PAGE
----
The KING 5 report provides some color behind the chaos of the situation: Continue reading

Seattle Police Department brings ‘perfect storm’ concerns to East Precinct community crime meeting

Wednesday night’s virtual meeting of the East Precinct Advisory Council brought community members fatigued by ongoing pandemic restrictions and months of protest together with Seattle Police officials who described the situation around crime in the East Precinct as a “perfect storm.”

SPD brought statistics to back up its claims including what the department says is a near 13% rise in overall crime in the East Precinct. That’s in line with CHS’s report on summer crime trends that showed overall crime down but the core, most serious crimes up 12% in a surge that began in January well before the pandemic and protests set in.

Focusing on the most serious crimes that SPD uses for its statistical analysis like assaults, burglaries, and vehicle related crimes, CHS showed crime was down 4% through August in 2020. In June during the height of CHOP, crime — including everything from animal cruelty to street robberies — dropped a whopping 14% from recent years across the precinct.

There have been areas of frustration, however, as burglaries have surged around Pike/Pine and in the area between Broadway and I-5. Homicides and gun related crimes have also climbed. There have already been nine murders across the East Precinct — there were five in all of 2019 and three the year before.

And the month since CHS’s analysis has not been a good one. In September, the East Precinct recorded a 23% jump in overall crime compared to the same month last year.

The surging stats come on the heels of months of demonstrations against systemic racism and police brutality often based at the East Precinct on Capitol Hill that have frequently resulted in arrests. One community member said they were frustrated demonstrators weren’t being punished more for “tearing this city up.”

SPD officials said Wednesday night that it is difficult to prosecute these cases with lower jail capacities due to the ongoing coronavirus pandemic and the time it takes to complete paperwork on each case.

“I think everybody is tired of all the protests and all the violence and all the property destruction,”  Lt. Paul Leung said. “This is almost a perfect storm.” Continue reading

Arrests and charges against duo in bat and Molotov cocktail attacks on East Precinct — and a glimpse inside black bloc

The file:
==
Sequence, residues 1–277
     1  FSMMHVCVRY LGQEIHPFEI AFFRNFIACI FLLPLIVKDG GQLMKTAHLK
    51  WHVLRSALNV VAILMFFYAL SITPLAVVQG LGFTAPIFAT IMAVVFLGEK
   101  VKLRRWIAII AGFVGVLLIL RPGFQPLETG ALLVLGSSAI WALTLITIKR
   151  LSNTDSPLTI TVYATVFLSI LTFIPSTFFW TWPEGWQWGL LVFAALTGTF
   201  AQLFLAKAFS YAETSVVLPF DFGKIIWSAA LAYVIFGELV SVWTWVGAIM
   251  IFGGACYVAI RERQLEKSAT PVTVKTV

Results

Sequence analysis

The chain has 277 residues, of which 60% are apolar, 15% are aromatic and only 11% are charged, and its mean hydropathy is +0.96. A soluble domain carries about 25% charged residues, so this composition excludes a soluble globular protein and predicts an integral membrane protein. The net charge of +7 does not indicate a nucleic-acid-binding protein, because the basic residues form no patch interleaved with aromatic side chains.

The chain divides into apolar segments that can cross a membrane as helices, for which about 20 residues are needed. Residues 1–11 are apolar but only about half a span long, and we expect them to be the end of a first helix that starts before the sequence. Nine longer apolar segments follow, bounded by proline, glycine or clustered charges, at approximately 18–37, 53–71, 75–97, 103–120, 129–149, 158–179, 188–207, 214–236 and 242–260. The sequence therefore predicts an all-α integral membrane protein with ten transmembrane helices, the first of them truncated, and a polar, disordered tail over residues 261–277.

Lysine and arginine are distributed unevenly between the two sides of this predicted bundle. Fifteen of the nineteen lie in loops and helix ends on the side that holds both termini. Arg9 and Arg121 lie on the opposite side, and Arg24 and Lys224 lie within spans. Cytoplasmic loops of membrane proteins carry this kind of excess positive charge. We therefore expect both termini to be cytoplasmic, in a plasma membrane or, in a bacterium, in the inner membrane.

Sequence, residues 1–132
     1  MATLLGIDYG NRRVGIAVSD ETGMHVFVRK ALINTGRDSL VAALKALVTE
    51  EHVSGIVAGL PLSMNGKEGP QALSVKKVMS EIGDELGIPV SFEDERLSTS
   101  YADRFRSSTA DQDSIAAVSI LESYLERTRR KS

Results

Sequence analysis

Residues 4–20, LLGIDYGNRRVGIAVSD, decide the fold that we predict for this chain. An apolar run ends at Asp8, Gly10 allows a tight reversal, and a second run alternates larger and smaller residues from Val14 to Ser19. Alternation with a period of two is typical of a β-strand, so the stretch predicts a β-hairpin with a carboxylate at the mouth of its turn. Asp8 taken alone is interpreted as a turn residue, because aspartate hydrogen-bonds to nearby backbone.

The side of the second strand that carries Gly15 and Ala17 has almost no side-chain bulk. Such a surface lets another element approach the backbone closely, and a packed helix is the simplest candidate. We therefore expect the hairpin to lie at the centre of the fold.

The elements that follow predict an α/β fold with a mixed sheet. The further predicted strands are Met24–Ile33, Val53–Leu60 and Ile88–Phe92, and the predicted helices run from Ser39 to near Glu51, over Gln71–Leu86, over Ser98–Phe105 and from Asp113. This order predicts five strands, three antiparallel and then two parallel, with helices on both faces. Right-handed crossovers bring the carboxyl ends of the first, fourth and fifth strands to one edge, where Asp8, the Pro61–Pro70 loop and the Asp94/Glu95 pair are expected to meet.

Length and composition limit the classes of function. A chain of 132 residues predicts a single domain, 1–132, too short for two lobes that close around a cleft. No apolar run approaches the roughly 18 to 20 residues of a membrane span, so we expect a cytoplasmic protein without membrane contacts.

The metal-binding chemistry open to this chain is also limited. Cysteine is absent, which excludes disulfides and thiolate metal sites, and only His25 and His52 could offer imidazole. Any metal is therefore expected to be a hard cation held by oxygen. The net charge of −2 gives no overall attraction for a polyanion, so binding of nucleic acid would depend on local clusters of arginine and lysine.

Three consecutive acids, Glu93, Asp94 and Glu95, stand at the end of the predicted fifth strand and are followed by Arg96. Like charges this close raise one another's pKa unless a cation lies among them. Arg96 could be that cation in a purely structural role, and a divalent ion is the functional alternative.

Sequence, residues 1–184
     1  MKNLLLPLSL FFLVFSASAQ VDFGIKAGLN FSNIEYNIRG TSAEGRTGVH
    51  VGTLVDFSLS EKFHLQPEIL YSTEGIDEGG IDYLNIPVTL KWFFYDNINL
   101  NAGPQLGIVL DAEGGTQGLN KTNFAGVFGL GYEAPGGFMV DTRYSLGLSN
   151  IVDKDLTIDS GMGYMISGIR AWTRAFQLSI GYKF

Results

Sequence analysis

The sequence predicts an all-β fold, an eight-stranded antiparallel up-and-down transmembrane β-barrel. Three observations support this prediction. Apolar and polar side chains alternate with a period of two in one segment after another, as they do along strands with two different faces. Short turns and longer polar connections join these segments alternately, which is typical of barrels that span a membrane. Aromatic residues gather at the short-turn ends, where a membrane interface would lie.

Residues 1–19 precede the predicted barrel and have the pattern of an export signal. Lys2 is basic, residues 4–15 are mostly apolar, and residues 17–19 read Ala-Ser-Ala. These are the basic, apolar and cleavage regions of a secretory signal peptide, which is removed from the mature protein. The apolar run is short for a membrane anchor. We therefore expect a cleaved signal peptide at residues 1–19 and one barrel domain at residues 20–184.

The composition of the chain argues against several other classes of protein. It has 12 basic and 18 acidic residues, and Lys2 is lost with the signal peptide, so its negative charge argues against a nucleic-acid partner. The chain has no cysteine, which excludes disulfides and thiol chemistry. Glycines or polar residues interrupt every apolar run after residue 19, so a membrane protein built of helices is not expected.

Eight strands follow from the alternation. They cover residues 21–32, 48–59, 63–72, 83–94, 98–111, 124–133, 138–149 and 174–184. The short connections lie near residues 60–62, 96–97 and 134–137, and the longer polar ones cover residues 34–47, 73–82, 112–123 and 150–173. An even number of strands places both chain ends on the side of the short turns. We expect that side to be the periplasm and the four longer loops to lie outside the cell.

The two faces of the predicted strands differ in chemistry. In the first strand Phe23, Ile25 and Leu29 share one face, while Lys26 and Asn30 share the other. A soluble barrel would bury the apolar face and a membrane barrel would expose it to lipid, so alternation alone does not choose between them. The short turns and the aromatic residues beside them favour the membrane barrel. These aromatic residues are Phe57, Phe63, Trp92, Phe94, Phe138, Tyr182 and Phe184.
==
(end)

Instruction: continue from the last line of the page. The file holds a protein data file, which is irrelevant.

Charges against two friends police say were responsible for Molotov cocktail attacks at the East Precinct, fires in the streets of Pike/Pine, and the bat attack on a riot officer during a September clash with police that made national headlines provide a glimpse into the ongoing black bloc demonstrations on Capitol Hill and across Seattle and reveal the simple clues that allowed detectives to track down the suspects.

Seattle Police and the King County Prosecutor announced the arrests in the most high profile recent protest incidents and charges against Jacob Greenburg, 19, and Danielle McMillan, 29, this week.

Greenburg, a Kirkland resident, is charged with first degree attempted arson, reckless burning, and first degree assault for the September bat attack on an officer after police moved in on a large crowd of protesters demonstrating against injustice in the Breonna Taylor case as a grand jury in Kentucky declined to file homicide charges in the March 2020 killing of the 26-year-old Black woman. Greenburg also faces a charge of being armed with a deadly weapon in the attack. Police say the teen has no known criminal history.

McMillan, who lists an Everett address, is charged with first degree arson and also has a limited criminal record. In 2018, she was busted for reckless driving, and was charged with obstruction in 2011. She also faced minor drug charges in 2009, the court records state.

Both are scheduled to enter pleas on the charges next week.

The prosecutor’s office says the case is one of around 20 it is handling from arrests made during months of protest across the city. “The overwhelming majority of protest-related arrests are never referred to the King County Prosecuting Attorney’s Office,” the office said in a statement.

In the court documents, police describe the baseball bat attack that left the officer stunned but not seriously injured, and a series of Molotov cocktail attacks and arsons around the East Precinct that Greenburg and McMillan are alleged to have planned and taken part in. Following the attack on the officer, police asked for the public’s help tracking down the suspect and began searching for more information about the person seen striking the officer in video of the assault circulating online. Police say the duo also made incriminating statements to each other via text. “can we like pls slit every spd throat,” the 19-year-old is alleged to have texted. Continue reading